It is mid-morning in Mbiri village, Embu County and two women are bee busy cracking macadamia nuts.
Each one of them has an improvised wooden hammer which he uses to strike the nuts to remove the soft green outer cover, exposing the brown nuts.
Grace Wamucira and Susan Wangerwa are a reflection of rural women who are engaged in macadamia farming. Theirs is a story of hard work, resilience and hope for better days.
They are tight friends and distant relatives, they say, and for this reason, they often support each other in farm work, especially when one of them is overwhelmed.
“I have been a macadamia farmer for over 25 years but I have never been contented, especially with the prices offered by most buyers,” says Grace.
Although there are numerous buyers for these nuts, prices range between Sh20 and Sh80 per kilo. She wonders where the middlemen resell the nuts — she says she would like to know so that she can sell hers directly.
“The income is so little considering that macadamia tress take up so much space of our already small pieces of land,” adds Grace.
Like most of the farmers in this area, she has opted to intercrop macadamia with coffee in a bid to maximize on use of space and increase her sources of income.
Like Grace, Susan hopes for a better market for her produce. She says times are strenuous, especially with the new school calendar which changed as a result of interference of the education sector by the Covid-19 pandemic.
“School terms are now shorter meaning we need to pay fees more often, yet the Covid-19 pandemic already caused us loss of income,” says Susan.
These farmers depend on local tree nurseries for macadamia seedlings.
Clean planting material
Luckily though, they are likely to be some of the beneficiaries of the European Union (EU)-funded Market Access Upgrade Program (Markup) Kenya which will be supporting macadamia farmers with access to clean planting material.
Markup Kenya is implemented by the Unite Nations Industrial Development Organisation (Unido) in partnership with the government and the private sector.
The programme is working with Kenya Agricultural and Livestock Research Organisation (Kalro) to empower tree nurseries to provide clean planting materials for macadamia, passion fruits, mangoes and groundnuts.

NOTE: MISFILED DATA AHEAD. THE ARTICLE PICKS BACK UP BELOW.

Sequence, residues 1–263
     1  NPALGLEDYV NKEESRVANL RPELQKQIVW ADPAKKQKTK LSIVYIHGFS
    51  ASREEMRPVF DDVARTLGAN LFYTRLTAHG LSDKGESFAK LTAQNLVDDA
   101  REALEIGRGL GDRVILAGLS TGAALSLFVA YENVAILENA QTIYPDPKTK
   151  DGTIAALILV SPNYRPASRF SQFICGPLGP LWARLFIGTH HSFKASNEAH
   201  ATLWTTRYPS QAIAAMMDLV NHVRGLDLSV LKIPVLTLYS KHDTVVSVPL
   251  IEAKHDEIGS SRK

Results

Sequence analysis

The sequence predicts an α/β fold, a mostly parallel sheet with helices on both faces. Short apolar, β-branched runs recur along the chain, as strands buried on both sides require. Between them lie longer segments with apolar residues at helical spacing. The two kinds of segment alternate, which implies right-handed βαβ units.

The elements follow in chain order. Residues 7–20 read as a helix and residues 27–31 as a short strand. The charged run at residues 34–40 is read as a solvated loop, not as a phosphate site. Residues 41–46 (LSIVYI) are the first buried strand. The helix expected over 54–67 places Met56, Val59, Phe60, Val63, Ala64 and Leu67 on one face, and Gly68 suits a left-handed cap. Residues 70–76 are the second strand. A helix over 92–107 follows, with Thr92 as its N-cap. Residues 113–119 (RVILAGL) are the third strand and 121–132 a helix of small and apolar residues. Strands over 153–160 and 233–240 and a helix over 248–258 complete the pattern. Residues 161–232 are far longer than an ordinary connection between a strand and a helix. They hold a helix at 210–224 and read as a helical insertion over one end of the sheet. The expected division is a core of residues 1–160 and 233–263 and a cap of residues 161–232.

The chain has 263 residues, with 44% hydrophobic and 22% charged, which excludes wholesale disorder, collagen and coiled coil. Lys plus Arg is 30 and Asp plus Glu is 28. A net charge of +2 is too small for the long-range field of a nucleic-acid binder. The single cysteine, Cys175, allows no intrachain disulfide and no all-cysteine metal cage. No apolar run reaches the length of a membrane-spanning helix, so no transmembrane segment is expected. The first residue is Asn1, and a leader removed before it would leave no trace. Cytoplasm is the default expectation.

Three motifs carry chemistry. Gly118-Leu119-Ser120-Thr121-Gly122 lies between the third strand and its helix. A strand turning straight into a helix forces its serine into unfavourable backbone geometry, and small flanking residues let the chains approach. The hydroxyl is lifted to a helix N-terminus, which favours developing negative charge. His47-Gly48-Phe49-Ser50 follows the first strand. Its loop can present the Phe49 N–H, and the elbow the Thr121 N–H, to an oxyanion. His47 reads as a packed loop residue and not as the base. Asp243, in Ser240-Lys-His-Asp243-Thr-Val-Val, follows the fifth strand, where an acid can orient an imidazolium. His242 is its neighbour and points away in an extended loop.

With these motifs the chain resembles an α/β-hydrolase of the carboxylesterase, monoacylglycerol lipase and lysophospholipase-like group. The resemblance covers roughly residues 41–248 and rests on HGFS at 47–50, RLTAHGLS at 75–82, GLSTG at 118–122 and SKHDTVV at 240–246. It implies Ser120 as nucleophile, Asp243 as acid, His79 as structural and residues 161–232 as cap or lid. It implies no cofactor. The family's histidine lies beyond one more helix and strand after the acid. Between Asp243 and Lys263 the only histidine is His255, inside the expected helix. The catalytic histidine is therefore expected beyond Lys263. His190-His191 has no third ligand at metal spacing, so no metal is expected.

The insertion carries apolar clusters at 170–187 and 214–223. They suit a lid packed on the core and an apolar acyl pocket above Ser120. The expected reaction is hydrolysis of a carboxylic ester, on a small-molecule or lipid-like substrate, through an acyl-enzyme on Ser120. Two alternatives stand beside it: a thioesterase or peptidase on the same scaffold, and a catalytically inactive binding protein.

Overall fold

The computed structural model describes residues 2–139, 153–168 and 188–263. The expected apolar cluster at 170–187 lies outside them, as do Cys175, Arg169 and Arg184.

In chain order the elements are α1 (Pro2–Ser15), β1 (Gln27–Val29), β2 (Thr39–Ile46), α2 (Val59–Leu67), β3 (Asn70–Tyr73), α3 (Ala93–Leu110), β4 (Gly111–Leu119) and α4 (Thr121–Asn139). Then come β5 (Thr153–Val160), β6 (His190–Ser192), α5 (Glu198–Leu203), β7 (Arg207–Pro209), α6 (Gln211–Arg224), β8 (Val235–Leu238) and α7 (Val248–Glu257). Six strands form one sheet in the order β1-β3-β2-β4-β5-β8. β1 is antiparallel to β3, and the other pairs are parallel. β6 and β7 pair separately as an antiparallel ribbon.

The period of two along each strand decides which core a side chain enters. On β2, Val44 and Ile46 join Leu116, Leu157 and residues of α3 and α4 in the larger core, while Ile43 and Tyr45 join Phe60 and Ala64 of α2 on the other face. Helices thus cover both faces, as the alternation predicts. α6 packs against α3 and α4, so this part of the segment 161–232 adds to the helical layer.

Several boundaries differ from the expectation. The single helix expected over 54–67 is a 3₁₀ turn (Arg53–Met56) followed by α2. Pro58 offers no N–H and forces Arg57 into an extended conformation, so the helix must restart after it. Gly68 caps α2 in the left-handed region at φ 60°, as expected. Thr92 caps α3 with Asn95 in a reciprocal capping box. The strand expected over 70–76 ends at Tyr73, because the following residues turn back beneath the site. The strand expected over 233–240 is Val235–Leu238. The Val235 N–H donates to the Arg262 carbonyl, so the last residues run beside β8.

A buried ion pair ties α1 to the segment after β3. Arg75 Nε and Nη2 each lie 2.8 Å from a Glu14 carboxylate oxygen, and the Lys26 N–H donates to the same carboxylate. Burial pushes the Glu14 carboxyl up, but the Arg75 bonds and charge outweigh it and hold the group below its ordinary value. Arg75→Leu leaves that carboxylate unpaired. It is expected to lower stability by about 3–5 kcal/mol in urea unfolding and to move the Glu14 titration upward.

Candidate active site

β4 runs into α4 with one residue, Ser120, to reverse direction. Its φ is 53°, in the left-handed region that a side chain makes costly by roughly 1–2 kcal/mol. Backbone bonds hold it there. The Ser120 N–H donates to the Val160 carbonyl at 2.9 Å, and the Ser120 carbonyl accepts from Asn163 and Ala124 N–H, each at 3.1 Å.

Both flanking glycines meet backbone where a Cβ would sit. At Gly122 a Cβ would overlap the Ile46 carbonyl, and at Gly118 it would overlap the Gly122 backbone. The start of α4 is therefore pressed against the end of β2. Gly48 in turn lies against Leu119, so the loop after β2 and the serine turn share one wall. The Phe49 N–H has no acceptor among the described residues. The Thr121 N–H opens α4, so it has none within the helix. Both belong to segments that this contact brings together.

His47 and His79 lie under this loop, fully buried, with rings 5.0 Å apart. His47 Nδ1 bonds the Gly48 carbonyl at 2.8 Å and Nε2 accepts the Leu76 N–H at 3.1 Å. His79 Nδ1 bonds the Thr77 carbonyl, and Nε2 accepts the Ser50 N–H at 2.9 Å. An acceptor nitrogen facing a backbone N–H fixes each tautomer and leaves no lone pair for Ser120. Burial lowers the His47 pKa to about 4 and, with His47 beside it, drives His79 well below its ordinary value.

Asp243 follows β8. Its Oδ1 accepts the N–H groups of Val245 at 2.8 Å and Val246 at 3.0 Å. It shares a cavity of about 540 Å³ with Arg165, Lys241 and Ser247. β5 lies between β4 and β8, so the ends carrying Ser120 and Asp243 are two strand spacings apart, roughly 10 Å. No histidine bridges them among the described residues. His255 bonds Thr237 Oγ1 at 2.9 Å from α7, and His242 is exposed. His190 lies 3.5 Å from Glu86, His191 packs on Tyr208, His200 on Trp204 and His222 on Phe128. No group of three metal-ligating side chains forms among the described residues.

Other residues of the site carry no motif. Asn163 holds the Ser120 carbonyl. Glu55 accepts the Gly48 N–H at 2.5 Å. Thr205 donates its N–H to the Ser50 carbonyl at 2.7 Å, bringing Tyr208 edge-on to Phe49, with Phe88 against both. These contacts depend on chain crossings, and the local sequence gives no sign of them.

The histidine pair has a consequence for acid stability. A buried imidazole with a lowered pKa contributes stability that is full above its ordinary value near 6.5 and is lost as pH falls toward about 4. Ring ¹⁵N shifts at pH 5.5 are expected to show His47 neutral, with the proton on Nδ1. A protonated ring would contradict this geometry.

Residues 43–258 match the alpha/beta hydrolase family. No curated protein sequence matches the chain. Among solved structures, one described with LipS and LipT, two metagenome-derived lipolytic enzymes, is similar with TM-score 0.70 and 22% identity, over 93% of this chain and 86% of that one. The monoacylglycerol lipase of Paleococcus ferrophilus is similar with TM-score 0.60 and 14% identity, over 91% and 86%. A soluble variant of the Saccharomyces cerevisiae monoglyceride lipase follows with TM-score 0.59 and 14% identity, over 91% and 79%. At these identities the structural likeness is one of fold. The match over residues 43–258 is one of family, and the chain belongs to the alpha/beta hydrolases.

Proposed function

A few kilometres from this farm, we meet Rose Mucheru who is checking on her already harvested and shelled macadamia nuts.
The moist stench which comes from this room, coupled with signs of rot on some nuts is a clear pointer of the need for farmers here to be sensitised on post-harvest handling and aflatoxin management.
“I would wish to learn how to handle my nuts well after harvesting,” says Rose.
Last year, she recalls losing 200 kilogrammes of nuts after they were rejected by potential buyers due to suspected aflatoxin infection. Oblivious of the effects on human health, Rose confesses to have fed the infected nuts to her chicken.
According to a research done by Markup Kenya earlier in the year, aflatoxin contamination in food crops limits domestic, regional, and international trade in agricultural produce and results in economic losses. This happens through rejection of consignments and finished products as well as revocation of business operating permits.
While the bulk of data on aflatoxin is mainly about maize, the report states, tree nuts such as macadamia, walnuts and pistachio are also prone to aflatoxin contamination under drought, insect infestation and poor storage and handling.
“Macadamia nuts entering the European market must test below 2 µg/kg for aflatoxin B1 and 4 µg/kg for total aflatoxins,” reads the report.
Markup Kenya National Project Coordinator Maina Karuiru says the project is committed to improving the welfare of women and youth.
Most farming activities, he noted, are concentrated in rural areas and women and youth are highly involved.
“We have been working with counties to ensure farmers form small groups and ensure gender equality and representation,” said Karuiru.
He added that the groups will be trained on, among other issues, good agricultural practices, group dynamics and market opportunities.
His sentiments come at a time when the world is marking the International Day for Rural Women.
This year’s theme is “Building rural women's resilience in the wake of Covid-19,” to create awareness of these women's struggles, their needs, and their critical and key role in society.